Sometimes Gifts Seek You

I began my search for a more fulfilling use of my talents and skills two years ago, and every major decision since has been made through that lens. I was talking with Fr. Anthony about it and he commented, “You sound like the young man who asks Jesus about what he must ‘do’ to obtain the kingdom of heaven. It is a very young person’s approach: do, do, do. Sometimes you have to simply ‘be.’” He paused a moment, and then grinned, pleased with the pun he was about to throw down. “Do, be, do, be do,” he sang to the tune of Strangers In the Night.


“That was horrible,” I said chuckling. “Besides,” I continued, “Jesus’ answer to the young man was, ‘Give up your earthly possessions and take up your cross.’ Not exactly the same thing.”


“But the young man had to do the one thing he could not,” he replied. “Sometimes we have to change our approach. And let’s face it, you would rather ‘do’ than ‘be.’”


I went around the following days using that conversation as a “go to” whenever I found myself contemplating what else I could do in this search. I simply brushed it off with the thought, “Nothing. Just be here in Jamaica.” I found that very frustrating. There had to be a list I could make of potential next steps, or resources I could contact to help me move this journey along. There had to be an action item I could accomplish. I had to convince myself that being here at the high school was the action item and it was enough for now.


A few days later the school received a surprise visitor at the school: Lorna Goodison. Ms. Goodison is a very successful poet, a native Jamaica, and currently a professor at a college in Michigan. I recently attended the annual Calabash literature festival and purchased two books of her work. (Recall I used the title of one of her poems in a previous blog post.) I don’t know how Fr. Anthony connected with her – though I should stop wondering as he seems to be connected to everyone here – but he acted quickly to have her visit the school and speak with the students of his literature class.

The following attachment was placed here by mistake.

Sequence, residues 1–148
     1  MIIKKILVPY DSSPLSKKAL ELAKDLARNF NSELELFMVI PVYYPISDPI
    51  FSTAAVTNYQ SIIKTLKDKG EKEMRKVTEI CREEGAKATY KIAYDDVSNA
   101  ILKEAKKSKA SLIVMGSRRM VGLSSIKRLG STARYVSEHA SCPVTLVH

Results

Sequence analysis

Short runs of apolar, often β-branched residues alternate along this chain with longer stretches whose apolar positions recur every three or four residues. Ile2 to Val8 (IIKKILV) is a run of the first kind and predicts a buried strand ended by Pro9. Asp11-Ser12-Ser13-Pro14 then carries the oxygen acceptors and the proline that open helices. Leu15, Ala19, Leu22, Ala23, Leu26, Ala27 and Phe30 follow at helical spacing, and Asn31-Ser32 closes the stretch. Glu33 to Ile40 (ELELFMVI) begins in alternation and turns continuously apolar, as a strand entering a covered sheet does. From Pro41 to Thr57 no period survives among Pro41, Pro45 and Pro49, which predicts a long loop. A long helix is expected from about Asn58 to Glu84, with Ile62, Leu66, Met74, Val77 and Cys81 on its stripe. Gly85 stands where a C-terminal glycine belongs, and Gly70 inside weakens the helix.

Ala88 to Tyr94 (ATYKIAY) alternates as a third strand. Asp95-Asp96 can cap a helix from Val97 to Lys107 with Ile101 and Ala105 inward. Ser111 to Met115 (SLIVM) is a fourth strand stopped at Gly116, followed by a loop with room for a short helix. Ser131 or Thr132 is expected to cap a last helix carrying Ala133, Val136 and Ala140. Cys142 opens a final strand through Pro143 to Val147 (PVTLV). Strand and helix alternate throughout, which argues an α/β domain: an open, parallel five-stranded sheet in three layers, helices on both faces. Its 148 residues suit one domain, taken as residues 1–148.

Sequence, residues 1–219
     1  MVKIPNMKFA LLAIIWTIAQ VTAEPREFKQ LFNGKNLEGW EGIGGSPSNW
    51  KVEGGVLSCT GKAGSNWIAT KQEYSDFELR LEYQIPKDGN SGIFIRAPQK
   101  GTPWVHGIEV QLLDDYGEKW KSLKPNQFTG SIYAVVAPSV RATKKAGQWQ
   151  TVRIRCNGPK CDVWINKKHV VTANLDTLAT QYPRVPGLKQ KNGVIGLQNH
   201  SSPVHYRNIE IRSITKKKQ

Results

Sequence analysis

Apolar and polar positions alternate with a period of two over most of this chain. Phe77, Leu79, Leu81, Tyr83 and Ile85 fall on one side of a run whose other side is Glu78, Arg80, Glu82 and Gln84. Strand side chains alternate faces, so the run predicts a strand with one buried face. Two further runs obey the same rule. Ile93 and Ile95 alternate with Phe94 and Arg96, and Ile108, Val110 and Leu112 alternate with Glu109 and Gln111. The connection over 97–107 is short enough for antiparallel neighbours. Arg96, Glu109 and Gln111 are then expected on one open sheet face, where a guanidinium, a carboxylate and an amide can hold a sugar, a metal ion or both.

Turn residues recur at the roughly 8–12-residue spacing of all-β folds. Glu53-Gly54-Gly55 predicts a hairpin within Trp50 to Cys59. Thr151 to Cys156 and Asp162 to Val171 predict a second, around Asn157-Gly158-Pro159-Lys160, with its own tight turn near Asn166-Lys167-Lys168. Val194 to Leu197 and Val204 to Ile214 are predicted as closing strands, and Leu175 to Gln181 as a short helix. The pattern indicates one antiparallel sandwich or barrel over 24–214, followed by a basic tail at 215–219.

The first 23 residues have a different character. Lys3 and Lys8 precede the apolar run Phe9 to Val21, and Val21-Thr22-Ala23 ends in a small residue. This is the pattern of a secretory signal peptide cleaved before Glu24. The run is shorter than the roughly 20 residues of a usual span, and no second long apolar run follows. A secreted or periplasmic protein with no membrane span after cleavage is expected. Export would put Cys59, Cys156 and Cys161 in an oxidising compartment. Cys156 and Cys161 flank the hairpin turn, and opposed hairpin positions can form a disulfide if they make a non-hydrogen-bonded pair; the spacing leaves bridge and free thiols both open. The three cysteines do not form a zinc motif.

Two collections of poetry by Lorna Goodison.

Ms. Goodison is a very warm and perceptive woman. You get the sense she has seen and done a lot, enjoys observing life, and knows she is fortunate to have found and developed her gift for poetry. As she explained to us, she did not set out to be a poet. She was working in advertising and poetry found her by accident. Her co-workers knew she wrote it as a hobby and connected her to someone, who then passed along a public forum where she could submit her work, and before long, she became more widely known.


Our guest graciously fielded questions from our soon-to-be-high-school-graduates once they felt comfortable asking them. Getting them involved was, as I like to say, like playing handball with a drape. After a few attempts to jumpstart the question and answer session with inquiries of my own, they finally bit. Echoing an earlier and similar experience I had with these same students when I arrived, they asked Ms. Goodison if there is much money in being a poet. She gently chuckled and said “No.”


“You seem okay with that,” I interjected, hoping to keep an obvious line of thought from slipping away.


“I have a gift,” she said confidently. “The money is immaterial.”


She went on to explain the importance of expressing one’s self through poetry and discovering our natural gifts and developing them fully. She ended by saying, “There is a corollary to having a gift: the pride of knowing you used it as best you could.”


A few days later, Ms. McIntosh, the school’s science teacher, approached me and asked me, “Mr. Konold, do you have a scientific mind?” To say Ms. McIntosh is shy would be like suggesting Bill Gates is well off. Whenever I greet her and ask how she is, she ducks her head, says, “Fine,” and moves along like she is being chased by fire.


“I suppose,” I replied. “I have an engineering degree, if that counts.”


“Good,” she said curtly. “You can help me organize the science fair.”


“What science fair?” I asked.

“The one I have just decided we are going to organize.”


So, similar to the community center opening and the Disability Arts Festival – and not entirely unlike Ms. Goodison and poetry - planning and organizing a big event had once again found me, and I was not even looking for it. I was simply trying to “be.”


I am excited about the project. The school has never had a science fair, but it is exactly the kind of event the priests have wanted to add to its curriculum. I remember a mix of excitement and dread with my own science fair experiences. I liked conducting experiments but dreaded presenting them. How times have changed with that latter part. If I could go back and give Young Mark my current enthusiasm for performing – I never meet a crowd or microphone I don’t like – I might have placed a little better at the Connecticut State Science Fair. Oh, what might have been!


I am going to close with a third item that recently came to me without my looking for it: de-worming medicine. Worms can be a hazard for those walking barefoot (which I do not) but can also be contracted through other means. We recently finished treating one of the guard dogs for just such a problem. Pablito hurt his paw – we are still not sure how – and worms infested the wound immediately. We had to treat him nightly and now he is right as rain. One sympathizes, I guess. The medicine was not much to write home about – like cough syrup only more bitter. For those of you who have joked about my skinniness being connected to an inner tapeworm, I guess we will see if you were right.

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© 2020 by Mark Konold